But don't wait until you're completely spent and have an emotional break down like me. Take preemptive measures to ensure you can keep your calm and perhaps some sanity as well. Have a game plan. Know that the evening will most likely be long. Mentally prepare and know that you are a good mom. When the fussiness and crying begins, go through the basic checklist: Is my baby fed? Is their diaper dry? Are they a comfortable temperature? Have they released any gas or burps?
If you have no help, give yourself permission to take a little break. If you know baby is healthy, safe, and has their needs met, it is ok to put them down and walk away for a few minutes. I know it's hard… VERY hard to leave your baby crying alone. But if you feel you're reaching a dangerous point of losing control, put baby down somewhere safe and go take a breather. Set a timer for 5 or 10 minutes or whatever you're comfortable with (I personally would never leave a baby crying longer than 10 minutes), put some earplugs in, and have a cup of tea. Breathe. Then go back and continue soothing your little one.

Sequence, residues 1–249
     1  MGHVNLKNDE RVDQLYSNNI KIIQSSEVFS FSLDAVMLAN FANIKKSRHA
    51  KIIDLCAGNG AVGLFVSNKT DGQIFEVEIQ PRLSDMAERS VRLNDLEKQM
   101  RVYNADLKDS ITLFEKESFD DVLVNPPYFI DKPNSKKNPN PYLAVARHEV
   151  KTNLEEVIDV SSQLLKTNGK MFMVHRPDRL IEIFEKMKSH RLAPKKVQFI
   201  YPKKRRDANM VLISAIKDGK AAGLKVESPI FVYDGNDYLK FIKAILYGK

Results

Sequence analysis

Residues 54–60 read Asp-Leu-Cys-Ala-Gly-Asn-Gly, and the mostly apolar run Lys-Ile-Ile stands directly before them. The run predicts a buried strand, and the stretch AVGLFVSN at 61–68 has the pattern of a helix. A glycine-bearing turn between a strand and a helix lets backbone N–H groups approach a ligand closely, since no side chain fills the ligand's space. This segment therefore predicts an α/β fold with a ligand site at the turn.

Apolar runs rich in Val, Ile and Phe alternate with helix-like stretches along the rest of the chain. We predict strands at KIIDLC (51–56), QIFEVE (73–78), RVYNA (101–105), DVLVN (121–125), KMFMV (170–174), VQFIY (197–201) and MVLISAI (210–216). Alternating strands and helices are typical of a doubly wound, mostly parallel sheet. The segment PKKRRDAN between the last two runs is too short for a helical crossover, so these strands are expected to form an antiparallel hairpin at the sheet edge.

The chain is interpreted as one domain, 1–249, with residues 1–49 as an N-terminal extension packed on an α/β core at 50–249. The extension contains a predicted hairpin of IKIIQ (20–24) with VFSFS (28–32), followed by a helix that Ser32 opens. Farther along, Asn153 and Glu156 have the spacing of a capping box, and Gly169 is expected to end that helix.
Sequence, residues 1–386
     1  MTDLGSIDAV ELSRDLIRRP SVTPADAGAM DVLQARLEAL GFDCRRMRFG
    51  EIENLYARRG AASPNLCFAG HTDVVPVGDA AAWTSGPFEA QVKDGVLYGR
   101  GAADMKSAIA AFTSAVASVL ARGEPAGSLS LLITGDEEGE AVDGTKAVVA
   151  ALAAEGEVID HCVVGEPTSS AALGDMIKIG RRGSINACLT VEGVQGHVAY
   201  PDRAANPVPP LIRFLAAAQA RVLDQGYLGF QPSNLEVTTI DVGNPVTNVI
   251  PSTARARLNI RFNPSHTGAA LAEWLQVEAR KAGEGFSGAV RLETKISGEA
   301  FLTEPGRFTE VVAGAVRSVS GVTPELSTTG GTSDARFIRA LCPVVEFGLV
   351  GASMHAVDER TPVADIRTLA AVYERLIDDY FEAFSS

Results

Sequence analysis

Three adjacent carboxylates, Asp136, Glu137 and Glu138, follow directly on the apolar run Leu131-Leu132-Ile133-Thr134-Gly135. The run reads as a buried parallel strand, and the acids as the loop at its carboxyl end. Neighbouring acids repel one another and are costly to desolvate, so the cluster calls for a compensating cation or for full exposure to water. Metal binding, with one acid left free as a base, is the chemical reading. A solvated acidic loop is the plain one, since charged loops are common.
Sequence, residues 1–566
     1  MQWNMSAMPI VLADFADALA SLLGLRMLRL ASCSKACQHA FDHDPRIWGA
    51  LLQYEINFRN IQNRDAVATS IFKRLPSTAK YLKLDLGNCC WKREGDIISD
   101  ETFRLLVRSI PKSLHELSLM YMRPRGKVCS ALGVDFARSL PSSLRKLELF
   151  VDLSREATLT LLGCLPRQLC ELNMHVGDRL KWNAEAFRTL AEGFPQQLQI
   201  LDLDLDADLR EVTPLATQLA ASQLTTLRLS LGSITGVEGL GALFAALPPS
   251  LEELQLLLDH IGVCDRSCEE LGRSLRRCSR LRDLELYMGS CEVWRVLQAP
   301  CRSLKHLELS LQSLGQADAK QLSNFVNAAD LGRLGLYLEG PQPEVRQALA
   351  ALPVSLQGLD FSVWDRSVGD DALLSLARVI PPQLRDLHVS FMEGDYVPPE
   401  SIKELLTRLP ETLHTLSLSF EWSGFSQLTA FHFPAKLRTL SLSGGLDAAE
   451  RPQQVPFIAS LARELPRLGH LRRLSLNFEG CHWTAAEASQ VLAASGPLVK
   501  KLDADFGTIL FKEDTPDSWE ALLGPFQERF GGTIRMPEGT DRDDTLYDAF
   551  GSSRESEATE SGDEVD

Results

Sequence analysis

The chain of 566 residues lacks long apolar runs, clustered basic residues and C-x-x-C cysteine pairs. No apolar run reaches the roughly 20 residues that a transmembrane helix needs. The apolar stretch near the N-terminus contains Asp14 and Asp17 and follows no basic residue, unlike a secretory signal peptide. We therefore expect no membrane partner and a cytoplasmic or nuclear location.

You Will Get Through This
I'm writing this as my daughter, my second, is just over 3 months old. To my great disappointment she was/is colicky just like my son was (though he was worse). I still have days of incredible overwhelm and exhaustion but I try and remind myself that colic does end. I have the great benefit of seeing my now 2 year old son, who used to cry as a newborn so long and so hard, as a happy, energetic, and thriving little boy. To you, my fellow mama, I hope to encourage you. As long as you are taking care of your baby and meeting all their needs, you are doing good. Colic is hard. But once you breakthrough that tough stage, you will get to enjoy the giggles and budding personality of your sweet little baby.